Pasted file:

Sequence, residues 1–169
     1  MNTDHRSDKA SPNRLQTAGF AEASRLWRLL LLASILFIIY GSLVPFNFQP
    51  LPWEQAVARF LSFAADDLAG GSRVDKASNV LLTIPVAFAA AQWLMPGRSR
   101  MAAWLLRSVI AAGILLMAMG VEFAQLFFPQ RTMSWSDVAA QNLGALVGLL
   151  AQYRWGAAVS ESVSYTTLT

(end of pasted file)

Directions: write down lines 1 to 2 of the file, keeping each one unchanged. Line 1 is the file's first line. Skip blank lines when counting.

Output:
Sequence, residues 1–169
     1  MNTDHRSDKA SPNRLQTAGF AEASRLWRLL LLASILFIIY GSLVPFNFQP